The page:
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Model A & B Head Stud Removal Tools

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  • Model A & B Head Stud Removal Tools

    Here are a couple of screen shots showing three types of tools for removing stubborn cylinder head studs, hopefully without breaking them!

    I have used all three over the years, and they each have their own advantages and limitations.

    Go to the link on my web site for the complete explanation.

    http://www.fordgarage.com/pages/studremovaltools.htm

    What are your favorites and experiences?




  • #2
    I am a cam style studly remover meself. I think mine is a Snap-off
    You wana look waaay far up da road and plan yer route because the brakes are far more of a suggestion than a command!

    Comment


    • #3
      If it breaks do you switch back to SNAP-ON

      Comment


      • Big hammer
        Big hammer commented
        Editing a comment
        Only when you go back together
        Snap- On :-)

    • #4
      Please post the tool numbers if possible. I don't know if there is a problem with that, but the OP is specifically mentioning that all three of these are Snap-on tools. A tig would be nice but not in the budget yet as I'm sure the same for others. However beings a tig is also what was used, can anybody mention some brand names their experiences and which one they recommend to stay away from or recommend to buy? I worked for a company many years ago that had one and I remember it was very expensive and I used it a lot welding aluminum radiator connection castings when doing engine swaps, aluminum liquid fertilizer tankers, and the owners race car rollbars and other misc. welding projects.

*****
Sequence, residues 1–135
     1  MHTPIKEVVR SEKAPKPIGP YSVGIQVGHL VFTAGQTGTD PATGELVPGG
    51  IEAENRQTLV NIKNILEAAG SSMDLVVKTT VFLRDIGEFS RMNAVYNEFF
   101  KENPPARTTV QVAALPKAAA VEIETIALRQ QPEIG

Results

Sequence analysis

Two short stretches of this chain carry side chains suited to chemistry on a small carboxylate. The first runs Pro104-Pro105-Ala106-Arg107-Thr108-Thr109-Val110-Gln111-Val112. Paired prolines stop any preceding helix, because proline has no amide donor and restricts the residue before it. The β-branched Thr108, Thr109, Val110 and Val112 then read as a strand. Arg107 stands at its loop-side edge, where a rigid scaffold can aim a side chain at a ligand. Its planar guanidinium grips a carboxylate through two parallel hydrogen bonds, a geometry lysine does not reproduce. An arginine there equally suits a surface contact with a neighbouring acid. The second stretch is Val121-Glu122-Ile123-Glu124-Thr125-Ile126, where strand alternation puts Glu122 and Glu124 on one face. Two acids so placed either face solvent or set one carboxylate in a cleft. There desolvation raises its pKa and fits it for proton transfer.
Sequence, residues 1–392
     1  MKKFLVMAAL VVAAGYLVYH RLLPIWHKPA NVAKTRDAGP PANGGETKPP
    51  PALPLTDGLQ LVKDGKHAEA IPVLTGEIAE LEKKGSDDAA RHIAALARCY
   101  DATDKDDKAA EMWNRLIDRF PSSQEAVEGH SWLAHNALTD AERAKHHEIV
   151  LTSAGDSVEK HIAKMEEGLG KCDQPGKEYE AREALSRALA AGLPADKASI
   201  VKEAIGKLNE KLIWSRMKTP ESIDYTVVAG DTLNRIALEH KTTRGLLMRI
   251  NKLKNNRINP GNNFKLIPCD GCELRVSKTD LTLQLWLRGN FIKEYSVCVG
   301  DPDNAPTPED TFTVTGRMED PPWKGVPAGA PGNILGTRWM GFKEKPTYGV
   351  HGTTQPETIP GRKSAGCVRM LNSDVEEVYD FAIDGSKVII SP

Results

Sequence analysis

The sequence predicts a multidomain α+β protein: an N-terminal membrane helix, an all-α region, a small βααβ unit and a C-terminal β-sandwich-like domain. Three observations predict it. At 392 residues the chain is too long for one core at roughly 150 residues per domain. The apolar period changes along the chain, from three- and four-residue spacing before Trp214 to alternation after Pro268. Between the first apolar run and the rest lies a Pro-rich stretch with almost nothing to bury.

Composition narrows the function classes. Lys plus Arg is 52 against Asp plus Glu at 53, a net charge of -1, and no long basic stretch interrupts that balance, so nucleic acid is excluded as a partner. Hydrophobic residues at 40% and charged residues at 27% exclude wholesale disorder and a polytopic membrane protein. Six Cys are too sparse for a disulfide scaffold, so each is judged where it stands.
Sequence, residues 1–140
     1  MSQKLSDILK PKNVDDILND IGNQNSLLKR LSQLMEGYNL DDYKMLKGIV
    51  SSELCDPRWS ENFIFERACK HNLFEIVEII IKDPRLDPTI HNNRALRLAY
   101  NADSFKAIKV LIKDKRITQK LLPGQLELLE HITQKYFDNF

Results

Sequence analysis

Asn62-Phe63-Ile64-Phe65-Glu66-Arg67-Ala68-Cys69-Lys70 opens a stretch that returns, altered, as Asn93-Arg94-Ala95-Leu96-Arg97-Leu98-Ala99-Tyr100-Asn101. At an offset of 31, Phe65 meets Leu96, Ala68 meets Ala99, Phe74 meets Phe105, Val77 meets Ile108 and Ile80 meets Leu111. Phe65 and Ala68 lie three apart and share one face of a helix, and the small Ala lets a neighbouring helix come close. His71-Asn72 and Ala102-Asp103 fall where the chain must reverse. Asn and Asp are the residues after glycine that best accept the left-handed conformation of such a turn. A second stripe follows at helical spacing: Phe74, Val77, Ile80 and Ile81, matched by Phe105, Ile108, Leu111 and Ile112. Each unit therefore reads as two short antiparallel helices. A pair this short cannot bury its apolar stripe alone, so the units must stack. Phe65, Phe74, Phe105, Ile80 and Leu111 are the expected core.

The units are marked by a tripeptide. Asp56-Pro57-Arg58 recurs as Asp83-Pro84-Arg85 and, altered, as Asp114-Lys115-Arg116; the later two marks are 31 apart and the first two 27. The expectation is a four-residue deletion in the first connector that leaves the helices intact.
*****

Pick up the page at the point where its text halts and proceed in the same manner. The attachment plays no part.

Last edited by Dennis; 06-12-2017, 11:54 AM.

      Comment


      • #5
        Searching on eBay....

        The tool on the right is a probably a Snap On A80A.
        I think the one in the middle is a CG500. You have to buy the correct size collet for this tool.
        The tool on the left might be an A36A or A50.

        Comment


        • #6
          Originally posted by Boston Bruce View Post